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After a tough week, Bisons salvage series finale against Worcester

After a tough week, Bisons salvage series finale against Worcester

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Bisons third baseman Richard Urena hits a two-run double in the third inning at Sahlen Field in Buffalo on Sunday, August 29, 2021. 

Buffalo Bisons manager Casey Candaele entered his postgame video call late Sunday afternoon and got congratulations from assistant general manager Brad Bisbing on the Herd's 9-5 victory over Worcester at Sahlen Field.

"Thanks. It's been like a month," Candaele cracked.

Sure must have felt that way. The Bisons had been 0-5 in the series against the Red Sox and, combined with last Monday's off day, had not won in a full week, since their Aug. 22 victory at Syracuse. This series with Worcester was particularly arduous and frustrating, so this victory felt bigger than just Game 98 of the season. 

The five-game skid was the longest of the season for the Bisons (57-41), and the win prevented them from enduring the first sweep in the six-game series format of Triple-A East that began this year. They also pulled within two games of Scranton/Wilkes-Barre (59-39) for the lead in the Northeast Division  and the teams open an eight-game series in Moosic, Pa., with a doubleheader on Tuesday night.

"If you're gonna go 1-5, the best game to win is the last one of the series. That was a big, big win," Candaele said. "We were in a bad, tough place scoring runs and then we'd give them up. And then if we weren't giving up runs, we weren't scoring them."

Here's a look at Sunday's finale and the tough series as a whole:

By the numbers: Worcester outscored the Bisons 37-27 in the six games and Buffalo never led in any of the first five, despite getting 71 strikeouts from its pitching staff in the series. The Red Sox had one inning of at least three runs in each of the final five games, with a five-run second on Sunday pushing them into a 5-1 lead.

Starting pitching was a huge difference, as Worcester's starters compiled a 3.81 earned-run average in the six games  while Buffalo's group was at 8.87 after Nick Allgeyer lasted just two innings Sunday. Worcester's Kutter Crawford took a perfect game into the sixth inning here Friday before a season-high crowd of 7,233 and got the win in a combined two-hitter.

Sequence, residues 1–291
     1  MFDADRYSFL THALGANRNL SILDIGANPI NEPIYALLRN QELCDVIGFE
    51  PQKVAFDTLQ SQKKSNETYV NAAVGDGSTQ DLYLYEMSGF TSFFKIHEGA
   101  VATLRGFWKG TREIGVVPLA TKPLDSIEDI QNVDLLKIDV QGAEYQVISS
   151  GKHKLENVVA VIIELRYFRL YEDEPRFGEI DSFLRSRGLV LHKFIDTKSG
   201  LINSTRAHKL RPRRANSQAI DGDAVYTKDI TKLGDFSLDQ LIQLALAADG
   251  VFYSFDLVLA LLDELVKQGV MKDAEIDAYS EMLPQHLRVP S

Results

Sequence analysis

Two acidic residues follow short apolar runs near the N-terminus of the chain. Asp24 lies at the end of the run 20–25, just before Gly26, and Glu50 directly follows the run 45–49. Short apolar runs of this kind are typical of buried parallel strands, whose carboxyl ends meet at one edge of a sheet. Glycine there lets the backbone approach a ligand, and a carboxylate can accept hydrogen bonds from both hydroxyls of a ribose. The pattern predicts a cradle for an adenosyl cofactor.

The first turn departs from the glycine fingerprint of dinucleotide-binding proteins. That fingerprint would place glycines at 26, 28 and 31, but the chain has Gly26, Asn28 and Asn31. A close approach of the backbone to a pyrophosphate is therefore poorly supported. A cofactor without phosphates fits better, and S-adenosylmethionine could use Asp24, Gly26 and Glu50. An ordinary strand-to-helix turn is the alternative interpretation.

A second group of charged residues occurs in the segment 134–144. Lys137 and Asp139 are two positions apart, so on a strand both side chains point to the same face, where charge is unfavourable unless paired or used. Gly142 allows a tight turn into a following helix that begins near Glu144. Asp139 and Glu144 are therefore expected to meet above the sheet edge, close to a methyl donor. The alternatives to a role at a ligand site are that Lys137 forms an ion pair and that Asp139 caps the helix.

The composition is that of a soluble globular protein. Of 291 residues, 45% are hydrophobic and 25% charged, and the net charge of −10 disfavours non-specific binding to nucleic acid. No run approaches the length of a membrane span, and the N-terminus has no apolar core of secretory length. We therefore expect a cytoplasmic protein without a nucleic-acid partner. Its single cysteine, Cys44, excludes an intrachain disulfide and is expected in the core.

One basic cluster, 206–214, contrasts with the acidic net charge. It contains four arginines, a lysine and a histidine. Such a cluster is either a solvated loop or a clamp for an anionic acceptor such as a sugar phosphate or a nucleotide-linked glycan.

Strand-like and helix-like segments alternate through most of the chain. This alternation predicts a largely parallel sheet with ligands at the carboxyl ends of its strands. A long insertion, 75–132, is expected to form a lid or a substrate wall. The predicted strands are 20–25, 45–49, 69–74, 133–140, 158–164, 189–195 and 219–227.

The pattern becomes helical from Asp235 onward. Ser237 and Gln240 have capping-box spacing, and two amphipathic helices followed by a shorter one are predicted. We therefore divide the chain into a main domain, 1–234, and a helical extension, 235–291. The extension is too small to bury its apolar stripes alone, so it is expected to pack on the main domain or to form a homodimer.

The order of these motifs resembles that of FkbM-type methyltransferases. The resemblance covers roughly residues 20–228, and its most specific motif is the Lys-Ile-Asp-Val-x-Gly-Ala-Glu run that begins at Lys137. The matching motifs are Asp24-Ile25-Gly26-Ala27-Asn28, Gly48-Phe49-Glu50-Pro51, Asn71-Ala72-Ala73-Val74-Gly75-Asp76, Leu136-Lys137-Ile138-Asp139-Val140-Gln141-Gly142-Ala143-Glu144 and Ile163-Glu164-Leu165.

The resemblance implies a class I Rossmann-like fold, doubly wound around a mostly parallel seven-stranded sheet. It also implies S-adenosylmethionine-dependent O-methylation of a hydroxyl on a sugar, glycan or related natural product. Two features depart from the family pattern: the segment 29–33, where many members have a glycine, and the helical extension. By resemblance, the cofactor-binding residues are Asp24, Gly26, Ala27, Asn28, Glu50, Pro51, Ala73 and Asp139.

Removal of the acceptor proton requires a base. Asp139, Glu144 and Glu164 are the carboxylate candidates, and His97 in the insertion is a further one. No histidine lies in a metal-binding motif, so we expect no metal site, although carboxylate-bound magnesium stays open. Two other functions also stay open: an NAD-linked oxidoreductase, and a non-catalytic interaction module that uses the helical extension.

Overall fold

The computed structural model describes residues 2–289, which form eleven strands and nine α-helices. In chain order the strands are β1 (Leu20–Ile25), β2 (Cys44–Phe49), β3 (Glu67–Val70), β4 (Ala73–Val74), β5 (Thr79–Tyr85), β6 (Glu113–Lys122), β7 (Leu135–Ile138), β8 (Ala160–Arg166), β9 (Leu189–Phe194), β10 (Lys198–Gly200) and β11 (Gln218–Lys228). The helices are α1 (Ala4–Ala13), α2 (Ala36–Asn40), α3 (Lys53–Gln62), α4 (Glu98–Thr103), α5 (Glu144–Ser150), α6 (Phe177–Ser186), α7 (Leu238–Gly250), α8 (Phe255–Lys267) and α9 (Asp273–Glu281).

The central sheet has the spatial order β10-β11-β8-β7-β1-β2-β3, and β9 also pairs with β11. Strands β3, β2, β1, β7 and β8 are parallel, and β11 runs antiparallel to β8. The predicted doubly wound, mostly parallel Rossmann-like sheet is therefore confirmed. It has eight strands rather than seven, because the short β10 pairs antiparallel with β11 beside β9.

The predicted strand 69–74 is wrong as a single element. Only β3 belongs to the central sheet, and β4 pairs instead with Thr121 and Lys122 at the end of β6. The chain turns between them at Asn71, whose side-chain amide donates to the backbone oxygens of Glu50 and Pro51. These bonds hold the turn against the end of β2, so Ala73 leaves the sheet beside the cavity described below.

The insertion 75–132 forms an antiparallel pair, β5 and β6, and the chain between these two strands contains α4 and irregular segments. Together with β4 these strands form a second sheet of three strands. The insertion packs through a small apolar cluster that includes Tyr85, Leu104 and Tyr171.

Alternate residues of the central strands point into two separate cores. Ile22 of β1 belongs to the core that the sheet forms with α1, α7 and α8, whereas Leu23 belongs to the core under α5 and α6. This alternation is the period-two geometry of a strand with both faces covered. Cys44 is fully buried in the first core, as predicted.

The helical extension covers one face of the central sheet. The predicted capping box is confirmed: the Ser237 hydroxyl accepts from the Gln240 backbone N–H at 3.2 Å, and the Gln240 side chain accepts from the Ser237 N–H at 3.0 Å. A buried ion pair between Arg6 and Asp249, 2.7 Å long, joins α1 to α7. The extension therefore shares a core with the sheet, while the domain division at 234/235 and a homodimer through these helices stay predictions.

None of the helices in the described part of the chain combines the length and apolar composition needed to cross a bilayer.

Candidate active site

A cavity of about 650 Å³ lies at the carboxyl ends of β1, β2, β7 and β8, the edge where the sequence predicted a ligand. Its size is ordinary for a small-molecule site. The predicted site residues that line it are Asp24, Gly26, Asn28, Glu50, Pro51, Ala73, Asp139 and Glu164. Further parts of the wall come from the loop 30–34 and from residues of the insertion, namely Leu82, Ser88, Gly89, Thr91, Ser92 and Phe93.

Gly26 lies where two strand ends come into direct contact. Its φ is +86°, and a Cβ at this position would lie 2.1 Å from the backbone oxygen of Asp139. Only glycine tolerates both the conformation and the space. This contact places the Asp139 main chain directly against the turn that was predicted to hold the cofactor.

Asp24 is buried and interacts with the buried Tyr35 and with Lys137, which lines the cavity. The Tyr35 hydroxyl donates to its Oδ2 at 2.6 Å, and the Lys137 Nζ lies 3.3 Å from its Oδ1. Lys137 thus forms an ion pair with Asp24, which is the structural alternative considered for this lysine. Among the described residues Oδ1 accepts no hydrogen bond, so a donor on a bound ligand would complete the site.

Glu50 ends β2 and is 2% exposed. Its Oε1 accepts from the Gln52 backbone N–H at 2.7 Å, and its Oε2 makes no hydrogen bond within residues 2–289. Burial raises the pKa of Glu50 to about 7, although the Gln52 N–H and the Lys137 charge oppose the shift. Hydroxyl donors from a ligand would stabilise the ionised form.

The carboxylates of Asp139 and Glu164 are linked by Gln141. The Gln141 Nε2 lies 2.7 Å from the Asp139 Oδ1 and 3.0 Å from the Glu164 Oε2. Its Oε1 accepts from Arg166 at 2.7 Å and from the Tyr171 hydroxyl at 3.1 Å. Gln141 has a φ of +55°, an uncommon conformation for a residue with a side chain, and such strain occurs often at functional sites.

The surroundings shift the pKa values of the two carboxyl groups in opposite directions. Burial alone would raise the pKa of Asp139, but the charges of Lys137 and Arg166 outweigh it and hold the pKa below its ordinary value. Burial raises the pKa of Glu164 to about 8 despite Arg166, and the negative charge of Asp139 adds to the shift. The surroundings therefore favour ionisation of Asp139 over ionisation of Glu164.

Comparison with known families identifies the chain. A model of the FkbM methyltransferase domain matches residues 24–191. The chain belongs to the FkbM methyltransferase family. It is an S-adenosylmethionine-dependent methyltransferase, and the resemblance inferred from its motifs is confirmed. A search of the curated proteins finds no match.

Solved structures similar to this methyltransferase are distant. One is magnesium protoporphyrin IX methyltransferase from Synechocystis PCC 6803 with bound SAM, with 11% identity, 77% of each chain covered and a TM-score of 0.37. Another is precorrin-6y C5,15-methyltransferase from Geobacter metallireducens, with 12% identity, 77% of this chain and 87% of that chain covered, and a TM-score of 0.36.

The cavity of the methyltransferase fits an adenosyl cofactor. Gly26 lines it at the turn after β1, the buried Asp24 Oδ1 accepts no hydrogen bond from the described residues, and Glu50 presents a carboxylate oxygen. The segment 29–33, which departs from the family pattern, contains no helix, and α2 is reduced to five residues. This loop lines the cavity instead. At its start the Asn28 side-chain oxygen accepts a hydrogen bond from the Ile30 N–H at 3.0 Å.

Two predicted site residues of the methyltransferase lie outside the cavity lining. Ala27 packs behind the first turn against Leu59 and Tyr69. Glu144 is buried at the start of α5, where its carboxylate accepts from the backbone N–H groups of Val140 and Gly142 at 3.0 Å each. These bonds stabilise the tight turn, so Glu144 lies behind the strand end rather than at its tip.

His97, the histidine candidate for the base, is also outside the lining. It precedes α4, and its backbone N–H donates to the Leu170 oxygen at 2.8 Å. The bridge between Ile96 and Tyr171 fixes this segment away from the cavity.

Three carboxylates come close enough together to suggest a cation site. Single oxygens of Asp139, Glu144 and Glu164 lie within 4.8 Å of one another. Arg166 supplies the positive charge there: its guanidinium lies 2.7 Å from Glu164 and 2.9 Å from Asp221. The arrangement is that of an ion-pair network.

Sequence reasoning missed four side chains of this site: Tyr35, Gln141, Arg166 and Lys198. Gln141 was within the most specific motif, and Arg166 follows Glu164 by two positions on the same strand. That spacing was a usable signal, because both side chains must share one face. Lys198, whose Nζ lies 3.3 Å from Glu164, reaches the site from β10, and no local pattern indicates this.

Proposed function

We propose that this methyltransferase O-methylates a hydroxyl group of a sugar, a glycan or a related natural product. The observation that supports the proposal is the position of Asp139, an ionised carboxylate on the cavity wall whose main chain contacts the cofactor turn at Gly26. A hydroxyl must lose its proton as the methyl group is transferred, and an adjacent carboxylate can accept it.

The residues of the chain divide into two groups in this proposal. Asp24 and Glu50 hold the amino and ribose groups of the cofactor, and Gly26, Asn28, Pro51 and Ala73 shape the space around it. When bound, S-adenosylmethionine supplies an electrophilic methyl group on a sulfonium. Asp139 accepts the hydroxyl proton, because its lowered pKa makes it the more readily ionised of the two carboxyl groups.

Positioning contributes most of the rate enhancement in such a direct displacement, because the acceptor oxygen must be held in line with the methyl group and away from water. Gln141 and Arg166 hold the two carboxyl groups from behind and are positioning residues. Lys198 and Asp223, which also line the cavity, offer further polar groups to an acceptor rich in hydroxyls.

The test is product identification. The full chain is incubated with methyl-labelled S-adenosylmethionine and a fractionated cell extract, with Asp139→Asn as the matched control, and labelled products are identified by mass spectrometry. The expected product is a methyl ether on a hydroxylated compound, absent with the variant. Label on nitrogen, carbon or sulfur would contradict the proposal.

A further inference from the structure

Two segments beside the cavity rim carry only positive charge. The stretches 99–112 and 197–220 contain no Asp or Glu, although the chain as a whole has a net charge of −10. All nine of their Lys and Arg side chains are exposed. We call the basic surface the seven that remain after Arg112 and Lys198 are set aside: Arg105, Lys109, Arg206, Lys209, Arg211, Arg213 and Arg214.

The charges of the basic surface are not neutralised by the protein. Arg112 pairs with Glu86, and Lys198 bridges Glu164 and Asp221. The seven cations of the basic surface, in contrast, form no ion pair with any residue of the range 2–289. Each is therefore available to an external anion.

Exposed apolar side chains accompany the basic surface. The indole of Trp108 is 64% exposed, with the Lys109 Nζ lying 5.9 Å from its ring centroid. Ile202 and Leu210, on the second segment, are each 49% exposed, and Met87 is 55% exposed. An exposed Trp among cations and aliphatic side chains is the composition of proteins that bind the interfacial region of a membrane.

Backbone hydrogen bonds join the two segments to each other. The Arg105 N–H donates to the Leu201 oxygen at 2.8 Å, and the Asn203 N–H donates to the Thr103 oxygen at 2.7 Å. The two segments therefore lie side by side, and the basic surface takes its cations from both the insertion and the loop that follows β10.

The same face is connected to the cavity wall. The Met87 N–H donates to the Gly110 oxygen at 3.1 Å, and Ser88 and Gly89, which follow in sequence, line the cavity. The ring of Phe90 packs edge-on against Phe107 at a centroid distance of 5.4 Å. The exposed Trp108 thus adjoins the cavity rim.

Four of the games went longer than 3 hours, 20 minutes. It took 3:43 to complete Sunday's action and 3:57 for Saturday's 7-6 Worcester win  the longest nine-inning affair in the Bisons' modern era.

"It's been a grind all week. I think every team has times like this," said Herd first baseman Tyler White, whose two-out, two-run homer in the sixth gave the Herd the lead for keeps at 6-5. "We've got a good squad and we got guys that never quit. And I think this is a big victory."

Clutch hits: After going just 9 for 40 with runners in scoring position the first five games, Buffalo went 6 for 11 in those spots Sunday. The biggest hits were Richard Urena's two-run double in the third, White's bolt into the left-field screen in the sixth and catcher Kellin Deglan's three-run shot to right in the seventh off hard-throwing Jose Adames.

"I told myself to get started (with his swing) a little earlier," Deglan said of missing a fastball. "And he threw the same pitch 2-1 and I got a hold of it." 

Bullpen: While folks in Toronto have been paying close attention to the outings of Nate Pearson, Julian Merryweather and Ryan Borucki (who threw a scoreless inning Sunday in his first outing after getting optioned), the Buffalo relievers have been outstanding as a whole. Six of them combined to throw seven shutout innings Sunday, allowing just two hits while striking out 10.

Coming in with his club in the four-run hole, Dany Jimenez threw his 11th straight scoreless outing covering 12 2/3 innings. He struck out five over the third and fourth innings and didn't allow a hit. 

"Dany came in and shut it down and gave us an opportunity to stay in the game and fight back," Candaele said. "We couldn't have done it without what he did."

"That was big, all those guys being ready down there, because usually the starter goes five," Deglan said. "They all came in and attacked the zone. They were getting swing and miss. And they calmed down their offense, and their offense was hot all series."

What's changed?: The Bisons were 54-33, their highest point since 2005, when shortstop Kevin Smith got called up to Toronto on Aug. 18. Without Smith, who belted his first MLB home run Sunday in Detroit, the Herd has gone 3-8 since.

"At Triple-A level, you want that. You want guys to get up to the big leagues," White said. "That means you're playing good baseball down here. So we're all happy for Kevin and other guys are going to step up and we've got the team to do it. We've got a lot of good players."

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